Bob Cohn joined The Economist Group in February after more than a decade at The Atlantic, where he served on both sides of the fence — as its digital editor and later as its president. As president and managing director, his stated remit was to grow The Economist’s global readership and open up new commercial opportunities in North America.
Of course, merely six weeks into the job, the coronavirus pandemic hit. With it came a surge of subscribers as readers looked to the Economist to unpick the impact on the economy, politics, culture and more.
“We did see, for a few months back in the spring, new subscribers coming [in]at about twice the rate that we expected,” said Cohn on the Digiday podcast.
Subscriptions and circulation made up around two-thirds (£204 million ($265 million) of the £326 million ($423 million) The Economist Group generated in revenue in the year to Mar. 31 2020. In recent months, pre-pandemic, the company had already shifted its subscription strategy from focusing on acquisition to more of a retention push. The surge in subscribers during the coronavirus crisis created “a kind of urgency” to keep the newly acquired users.
“We were an acquisition machine; we were not focused as diligently as we could on retention,” prior to Cohn’s arrival, he said. “We came into this year with a determination to be better at that and embrace best practice and go beyond best practice.”
Some of the new efforts have involved the creation of subscriber-only digital events (some 27,000 subscribers tuned in to watch a Bill Gates interview), increasing the price of its introductory offers and exclusive subscriber newsletters. The number of subscribers in The Economist’s “highly engaged” category increased 21% last year, Cohn said.
Looking ahead, The Economist plans to roll out a new customer experience platform and create more products at a wider price range to tap a more diversified user base.
“Retention has been one of our best stories of the year,” Cohn said.
Here are highlights from the conversation, which have been lightly edited for clarity.
Why making the introductory subscription offer more expensive paid off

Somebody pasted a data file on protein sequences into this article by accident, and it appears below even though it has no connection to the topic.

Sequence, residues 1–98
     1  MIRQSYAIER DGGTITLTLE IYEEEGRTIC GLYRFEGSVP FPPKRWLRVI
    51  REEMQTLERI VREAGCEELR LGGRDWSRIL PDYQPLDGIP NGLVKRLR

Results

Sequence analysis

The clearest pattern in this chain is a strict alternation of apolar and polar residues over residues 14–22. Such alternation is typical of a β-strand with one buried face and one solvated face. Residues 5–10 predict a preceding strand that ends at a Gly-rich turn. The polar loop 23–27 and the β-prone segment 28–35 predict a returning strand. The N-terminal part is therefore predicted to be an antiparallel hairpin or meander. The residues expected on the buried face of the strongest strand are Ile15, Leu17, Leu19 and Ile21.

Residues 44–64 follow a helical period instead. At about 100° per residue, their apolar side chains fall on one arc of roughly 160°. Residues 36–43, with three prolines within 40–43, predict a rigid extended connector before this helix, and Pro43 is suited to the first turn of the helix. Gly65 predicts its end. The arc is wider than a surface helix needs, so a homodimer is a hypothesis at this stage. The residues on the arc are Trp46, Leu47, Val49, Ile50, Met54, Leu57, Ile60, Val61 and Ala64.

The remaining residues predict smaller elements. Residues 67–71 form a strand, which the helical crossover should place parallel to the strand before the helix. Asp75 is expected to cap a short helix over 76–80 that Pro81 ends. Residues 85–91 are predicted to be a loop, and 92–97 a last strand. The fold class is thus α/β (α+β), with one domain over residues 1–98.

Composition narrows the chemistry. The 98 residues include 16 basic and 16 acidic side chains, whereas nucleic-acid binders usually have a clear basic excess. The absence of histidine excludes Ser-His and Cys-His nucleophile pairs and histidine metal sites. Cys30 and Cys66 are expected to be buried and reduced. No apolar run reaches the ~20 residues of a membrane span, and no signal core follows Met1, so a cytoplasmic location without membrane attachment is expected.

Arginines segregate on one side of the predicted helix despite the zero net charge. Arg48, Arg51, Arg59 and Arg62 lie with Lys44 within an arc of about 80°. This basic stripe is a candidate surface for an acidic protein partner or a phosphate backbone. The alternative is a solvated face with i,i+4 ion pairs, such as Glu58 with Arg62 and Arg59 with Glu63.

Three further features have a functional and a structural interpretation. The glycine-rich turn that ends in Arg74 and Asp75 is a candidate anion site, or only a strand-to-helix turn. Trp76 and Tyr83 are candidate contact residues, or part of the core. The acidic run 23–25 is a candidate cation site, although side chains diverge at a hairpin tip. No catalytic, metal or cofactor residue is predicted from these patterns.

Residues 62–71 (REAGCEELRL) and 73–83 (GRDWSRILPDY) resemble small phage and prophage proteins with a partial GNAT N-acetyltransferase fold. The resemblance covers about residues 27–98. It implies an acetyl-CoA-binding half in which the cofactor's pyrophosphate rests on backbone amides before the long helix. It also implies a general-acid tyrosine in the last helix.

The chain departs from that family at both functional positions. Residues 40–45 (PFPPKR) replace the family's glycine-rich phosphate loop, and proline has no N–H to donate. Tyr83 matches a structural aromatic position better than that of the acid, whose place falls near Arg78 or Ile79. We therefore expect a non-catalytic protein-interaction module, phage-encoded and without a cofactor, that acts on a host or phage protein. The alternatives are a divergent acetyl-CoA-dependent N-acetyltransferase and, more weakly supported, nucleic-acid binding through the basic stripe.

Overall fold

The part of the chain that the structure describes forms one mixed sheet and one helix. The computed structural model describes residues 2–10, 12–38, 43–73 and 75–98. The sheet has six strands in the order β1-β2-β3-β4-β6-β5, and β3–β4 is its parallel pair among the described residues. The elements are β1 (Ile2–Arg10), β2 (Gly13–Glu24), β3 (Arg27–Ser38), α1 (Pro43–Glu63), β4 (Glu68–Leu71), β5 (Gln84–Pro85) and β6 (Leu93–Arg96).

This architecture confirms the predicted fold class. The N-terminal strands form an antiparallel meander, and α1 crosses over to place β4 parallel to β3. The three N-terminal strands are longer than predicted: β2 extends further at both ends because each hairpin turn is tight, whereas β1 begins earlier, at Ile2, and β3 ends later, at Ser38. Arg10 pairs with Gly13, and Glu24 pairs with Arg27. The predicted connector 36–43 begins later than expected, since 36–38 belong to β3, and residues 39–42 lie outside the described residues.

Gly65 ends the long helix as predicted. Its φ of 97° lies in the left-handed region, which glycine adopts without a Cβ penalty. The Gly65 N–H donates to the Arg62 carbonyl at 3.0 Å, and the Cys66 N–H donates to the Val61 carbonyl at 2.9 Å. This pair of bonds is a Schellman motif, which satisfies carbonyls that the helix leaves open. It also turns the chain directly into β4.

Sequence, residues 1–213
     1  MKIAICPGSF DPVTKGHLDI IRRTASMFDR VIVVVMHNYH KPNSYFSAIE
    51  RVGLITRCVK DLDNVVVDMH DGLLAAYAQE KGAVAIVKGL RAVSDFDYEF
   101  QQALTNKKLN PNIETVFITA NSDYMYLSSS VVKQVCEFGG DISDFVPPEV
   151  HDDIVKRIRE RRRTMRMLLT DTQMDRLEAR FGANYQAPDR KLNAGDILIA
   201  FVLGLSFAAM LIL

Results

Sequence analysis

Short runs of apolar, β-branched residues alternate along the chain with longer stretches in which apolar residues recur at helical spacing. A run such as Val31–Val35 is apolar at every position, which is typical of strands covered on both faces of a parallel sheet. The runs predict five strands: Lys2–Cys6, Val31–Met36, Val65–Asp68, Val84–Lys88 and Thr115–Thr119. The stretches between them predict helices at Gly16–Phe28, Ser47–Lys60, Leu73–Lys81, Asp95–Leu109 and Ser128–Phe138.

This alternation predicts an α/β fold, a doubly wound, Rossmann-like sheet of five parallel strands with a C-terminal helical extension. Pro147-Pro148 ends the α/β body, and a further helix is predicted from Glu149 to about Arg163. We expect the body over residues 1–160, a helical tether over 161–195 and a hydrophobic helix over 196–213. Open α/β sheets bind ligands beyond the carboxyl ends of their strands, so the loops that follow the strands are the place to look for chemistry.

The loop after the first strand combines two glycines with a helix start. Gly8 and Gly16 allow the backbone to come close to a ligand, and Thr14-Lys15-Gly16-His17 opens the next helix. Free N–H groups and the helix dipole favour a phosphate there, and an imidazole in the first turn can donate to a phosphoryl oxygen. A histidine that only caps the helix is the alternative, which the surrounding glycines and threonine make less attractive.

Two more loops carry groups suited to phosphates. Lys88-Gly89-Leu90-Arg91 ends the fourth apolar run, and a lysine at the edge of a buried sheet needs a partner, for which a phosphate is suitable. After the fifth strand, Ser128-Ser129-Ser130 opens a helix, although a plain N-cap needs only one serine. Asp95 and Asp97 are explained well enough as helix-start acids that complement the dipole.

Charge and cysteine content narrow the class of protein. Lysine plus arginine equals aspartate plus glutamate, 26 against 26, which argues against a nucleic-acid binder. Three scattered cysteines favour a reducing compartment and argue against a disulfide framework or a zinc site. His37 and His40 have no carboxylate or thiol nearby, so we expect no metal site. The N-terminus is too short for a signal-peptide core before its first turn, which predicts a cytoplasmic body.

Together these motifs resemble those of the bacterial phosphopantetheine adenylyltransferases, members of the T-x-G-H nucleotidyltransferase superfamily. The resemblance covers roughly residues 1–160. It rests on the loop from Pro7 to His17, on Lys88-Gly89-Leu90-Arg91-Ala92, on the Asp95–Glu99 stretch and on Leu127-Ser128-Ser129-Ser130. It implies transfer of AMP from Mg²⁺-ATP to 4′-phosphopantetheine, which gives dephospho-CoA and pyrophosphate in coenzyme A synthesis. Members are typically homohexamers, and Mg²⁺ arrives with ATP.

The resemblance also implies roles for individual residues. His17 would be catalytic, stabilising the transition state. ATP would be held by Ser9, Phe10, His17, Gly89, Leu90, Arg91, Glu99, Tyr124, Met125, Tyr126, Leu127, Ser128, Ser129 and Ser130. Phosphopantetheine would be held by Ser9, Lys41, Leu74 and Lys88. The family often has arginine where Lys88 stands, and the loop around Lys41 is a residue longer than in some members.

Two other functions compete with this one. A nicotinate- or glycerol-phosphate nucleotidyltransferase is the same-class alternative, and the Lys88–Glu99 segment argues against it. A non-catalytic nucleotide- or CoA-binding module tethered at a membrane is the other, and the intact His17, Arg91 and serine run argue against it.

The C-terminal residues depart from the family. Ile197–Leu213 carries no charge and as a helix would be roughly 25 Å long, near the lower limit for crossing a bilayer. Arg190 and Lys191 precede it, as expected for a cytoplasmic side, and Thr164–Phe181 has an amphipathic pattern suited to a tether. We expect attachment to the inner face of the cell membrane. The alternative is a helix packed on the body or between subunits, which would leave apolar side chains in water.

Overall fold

For years … we had a 12 for 12 offer: 12 issues; 12 pounds; 12 dollars. The churn was pretty high at the conclusion of those 12 weeks, in part because there was a fairly steep increase in price because we are not the cheapest product out there, given the quality of our journalism. We changed the introductory offer … to 50% off the full rate for your first 12 weeks. The supposition was we are going to attract many fewer readers to subscribe, but they’re going to retain better. To our great surprise and satisfaction we saw only a slight decline in new subscribers coming on to the introductory offer … [and]we are exceeding the retention rate we expected, but the dampening effect on acquisition is not as great as we expected. It’s another way of focusing on retention by focusing on the problem.
How The Economist is differing its U.S. election coverage from the competition
We are going to give our U.S. readers and global readers a unique perspective on the election because it’s going to be big picture, it’s going to be global. It will have an arched eyebrow and a distance from it while at the same time our reporters are in the field, on the ground at the rallies. When Amy Coney Barrett is nominated by the president to be justice on the U.S. Supreme Court and our peers will drop 13 stories in 24 hours, we will drop one or two. Our point is we are not going to deluge our readers with every nuance of every story. We are going to give you the one story you need to know to understand this development, to put it in context, to bring this rigor and analysis you need and it’ll be memorable.
The re-emergence of media’s push moment
There’s this moment that newsletters are having [that]reminds me of a cover we did at Wired in the 1990s. It was a big hand coming right at you in psychedelic colors … it said “PUSH.” The concept was that [content]was all going to be pushed to you. That cover was widely ridiculed as being hopelessly off and of course, push has come and gone, but we’re kind of in a push moment now. Those businesses that built consumer revenue pipelines early, before panic set in, are going to be better positioned. What we have seen in the last year or two was … a desperate flight to consumer revenue for those who are not in it already. For those of us lucky enough to have built that business over the years, it’s a kind of raft in the storm right now because of the turbulence of the B2B side.
This article first appeared in digiday.com